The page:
As part of a wider survey of hoverflies in the Ely area this year, which reached a total of 76 species and over 1000 individual records, Mark Welch found an unusual species of small black hoverfly – Triglyphus primus feeding on umbels at the Wildspace on 16/8/2015. This fly has, on close inspection, diagnostic features that distinguish it from other similar members of the tribe Pipizini: it has only two prominent abdominal segments visible (segments 2 and 3; segment 4 is very small) compared with other Pipizines which have three clearly visible (segments 2, 3 and 4). This fly has “Nationally Scarce” status.
A rare hoverfly was recorded at a site close to the Wildspace.
The Anasimyia interpuncta was caught by budding amateur entomologist Mark Welch. These beautiful flies have been been recorded at only at Wicken Fen and Woodwalton Fen, in Cambridgeshire. Now we have added a third site in our very own “back yard”. Keep your eyes peeled for these enigmatic little flies because they could also be in the Wildspace!
Are you interested in exploring another local SSSI, that might be less familiar than Ely Pits & meadows? Would you be willing to volunteer to pull ragwort on one of the units of Soham Wet Horse fen SSSI (notified for its community of grassland flora)?This event will take place on 10:30 Sat 20th July. Please contact us for further details.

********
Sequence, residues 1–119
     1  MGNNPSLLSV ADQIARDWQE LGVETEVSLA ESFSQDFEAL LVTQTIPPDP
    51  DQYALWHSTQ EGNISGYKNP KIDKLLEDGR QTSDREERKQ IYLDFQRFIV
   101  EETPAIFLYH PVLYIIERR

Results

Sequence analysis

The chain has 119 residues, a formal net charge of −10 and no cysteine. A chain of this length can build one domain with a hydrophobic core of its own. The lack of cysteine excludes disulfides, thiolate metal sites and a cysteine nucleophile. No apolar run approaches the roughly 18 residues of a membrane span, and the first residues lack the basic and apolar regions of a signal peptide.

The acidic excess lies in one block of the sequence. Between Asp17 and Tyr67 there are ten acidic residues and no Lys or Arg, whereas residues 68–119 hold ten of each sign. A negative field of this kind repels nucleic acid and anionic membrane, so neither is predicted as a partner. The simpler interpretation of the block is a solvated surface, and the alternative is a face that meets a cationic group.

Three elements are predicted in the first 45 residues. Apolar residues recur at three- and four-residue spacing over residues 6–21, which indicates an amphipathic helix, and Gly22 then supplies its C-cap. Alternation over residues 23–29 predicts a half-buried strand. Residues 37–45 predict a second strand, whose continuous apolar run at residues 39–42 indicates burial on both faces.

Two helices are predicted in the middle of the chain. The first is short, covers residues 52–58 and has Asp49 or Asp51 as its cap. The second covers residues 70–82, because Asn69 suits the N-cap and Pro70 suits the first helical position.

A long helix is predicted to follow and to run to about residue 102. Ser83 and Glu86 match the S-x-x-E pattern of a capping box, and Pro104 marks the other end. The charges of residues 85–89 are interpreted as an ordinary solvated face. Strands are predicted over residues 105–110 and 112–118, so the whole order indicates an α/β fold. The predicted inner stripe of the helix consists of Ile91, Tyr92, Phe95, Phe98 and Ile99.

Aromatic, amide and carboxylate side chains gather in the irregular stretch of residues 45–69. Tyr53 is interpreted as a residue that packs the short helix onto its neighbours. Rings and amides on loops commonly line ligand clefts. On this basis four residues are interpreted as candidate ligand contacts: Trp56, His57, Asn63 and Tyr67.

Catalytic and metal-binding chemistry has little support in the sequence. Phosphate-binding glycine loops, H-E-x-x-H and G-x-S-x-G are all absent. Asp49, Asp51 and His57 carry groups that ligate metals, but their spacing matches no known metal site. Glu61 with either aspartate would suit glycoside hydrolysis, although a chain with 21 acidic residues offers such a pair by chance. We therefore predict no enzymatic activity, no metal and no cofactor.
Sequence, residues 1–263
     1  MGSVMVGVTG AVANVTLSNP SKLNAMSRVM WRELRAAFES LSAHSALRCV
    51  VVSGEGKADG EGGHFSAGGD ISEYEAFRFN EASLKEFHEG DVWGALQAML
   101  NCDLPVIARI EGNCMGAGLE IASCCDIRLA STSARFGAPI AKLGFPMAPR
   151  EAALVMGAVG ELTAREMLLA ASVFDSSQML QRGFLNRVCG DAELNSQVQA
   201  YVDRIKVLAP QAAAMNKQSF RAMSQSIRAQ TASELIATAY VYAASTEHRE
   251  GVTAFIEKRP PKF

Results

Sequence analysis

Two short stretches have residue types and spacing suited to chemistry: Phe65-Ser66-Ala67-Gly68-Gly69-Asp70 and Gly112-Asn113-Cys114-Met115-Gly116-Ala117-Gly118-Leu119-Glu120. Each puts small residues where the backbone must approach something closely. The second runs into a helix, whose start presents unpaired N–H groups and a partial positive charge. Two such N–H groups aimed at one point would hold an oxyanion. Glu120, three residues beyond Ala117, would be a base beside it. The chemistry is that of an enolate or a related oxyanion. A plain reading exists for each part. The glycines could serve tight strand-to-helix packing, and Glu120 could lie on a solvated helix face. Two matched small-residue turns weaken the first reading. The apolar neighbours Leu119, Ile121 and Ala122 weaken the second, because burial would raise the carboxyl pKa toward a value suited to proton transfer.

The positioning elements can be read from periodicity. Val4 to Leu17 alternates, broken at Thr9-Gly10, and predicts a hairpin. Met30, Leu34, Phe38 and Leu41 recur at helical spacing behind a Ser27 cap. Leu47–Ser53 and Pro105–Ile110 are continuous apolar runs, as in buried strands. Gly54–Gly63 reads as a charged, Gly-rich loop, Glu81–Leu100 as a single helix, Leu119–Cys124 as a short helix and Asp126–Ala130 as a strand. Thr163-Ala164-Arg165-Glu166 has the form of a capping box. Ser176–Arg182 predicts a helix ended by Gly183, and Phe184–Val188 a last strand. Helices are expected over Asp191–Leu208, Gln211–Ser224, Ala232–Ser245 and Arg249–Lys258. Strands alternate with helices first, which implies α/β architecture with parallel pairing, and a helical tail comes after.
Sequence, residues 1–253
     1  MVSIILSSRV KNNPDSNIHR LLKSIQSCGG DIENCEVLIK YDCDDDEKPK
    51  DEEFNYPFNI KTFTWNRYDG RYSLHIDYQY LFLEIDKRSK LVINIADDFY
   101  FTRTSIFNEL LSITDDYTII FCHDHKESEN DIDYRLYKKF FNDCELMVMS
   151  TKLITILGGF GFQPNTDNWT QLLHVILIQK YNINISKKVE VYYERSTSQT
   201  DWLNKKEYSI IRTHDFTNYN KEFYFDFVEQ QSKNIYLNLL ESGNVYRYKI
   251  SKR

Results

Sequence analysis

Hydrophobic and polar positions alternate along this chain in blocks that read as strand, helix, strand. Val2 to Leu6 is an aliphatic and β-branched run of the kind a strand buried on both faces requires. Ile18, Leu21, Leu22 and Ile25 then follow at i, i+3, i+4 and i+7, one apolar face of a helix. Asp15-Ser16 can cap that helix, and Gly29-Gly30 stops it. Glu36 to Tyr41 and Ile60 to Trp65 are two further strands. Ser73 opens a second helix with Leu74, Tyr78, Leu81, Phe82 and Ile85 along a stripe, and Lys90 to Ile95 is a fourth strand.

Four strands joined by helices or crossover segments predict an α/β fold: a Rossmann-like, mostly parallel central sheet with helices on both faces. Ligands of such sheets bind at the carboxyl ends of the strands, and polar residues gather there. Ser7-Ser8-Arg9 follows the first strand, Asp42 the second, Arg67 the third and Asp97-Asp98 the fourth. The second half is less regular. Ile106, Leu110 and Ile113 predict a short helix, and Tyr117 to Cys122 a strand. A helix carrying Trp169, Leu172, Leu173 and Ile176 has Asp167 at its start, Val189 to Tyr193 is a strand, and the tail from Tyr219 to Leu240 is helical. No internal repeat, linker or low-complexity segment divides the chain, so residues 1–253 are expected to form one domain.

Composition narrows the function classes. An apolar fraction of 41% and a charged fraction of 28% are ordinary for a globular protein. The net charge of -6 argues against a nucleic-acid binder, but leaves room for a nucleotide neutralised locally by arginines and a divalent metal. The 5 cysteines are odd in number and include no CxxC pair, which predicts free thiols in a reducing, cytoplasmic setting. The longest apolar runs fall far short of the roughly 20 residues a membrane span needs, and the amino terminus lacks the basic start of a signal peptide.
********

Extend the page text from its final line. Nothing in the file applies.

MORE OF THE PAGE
Several school groups have been visiting Ely Wildspace over the past few weeks as part of our educational programme. On 13 June two year 3 classes from Ely St John’s joined Liz Hunter for environmental art activities, and on 25 and 27 June Liz ,Ben Green Pam Bullivant and Helen Moore spent the mornings introducing year 4 children to some of the wonderful wildlife that lives on their doorstep. Thanks to Mrs Geeson, Ms Blakeman, Mrs Wills, Mr Firth and the children at ESJ for all their enthusiasm. Do contact Ely Wildspace (firstname.lastname@example.org) if you would like to arrange a visit to the Wildspace for your school.
On Saturday 22 June, a group of volunteers led by botanists Ed Tanner and Tim Inskipp undertook our annual survey of the plants of Ely Common. This is the third year that we have surveyed the Common and we are slowly building up a picture of plant diversity and relative abundance over time, which will help to identify the impact of current management and opportunities for improvement. This year we identified 63 species on the Common including Red Fescue, Common Sorrel and Dewberry. We recorded the partially parasitic plant Yellow Rattle for the first time, an exciting addition to our records. Adder’s-tongue fern, a scarce plant with more chromosomes than any other organism, has spread to new locations on the Common and seems to be thriving. Thanks to all those who took part and made the day a great success. (Image: Tim Inskipp)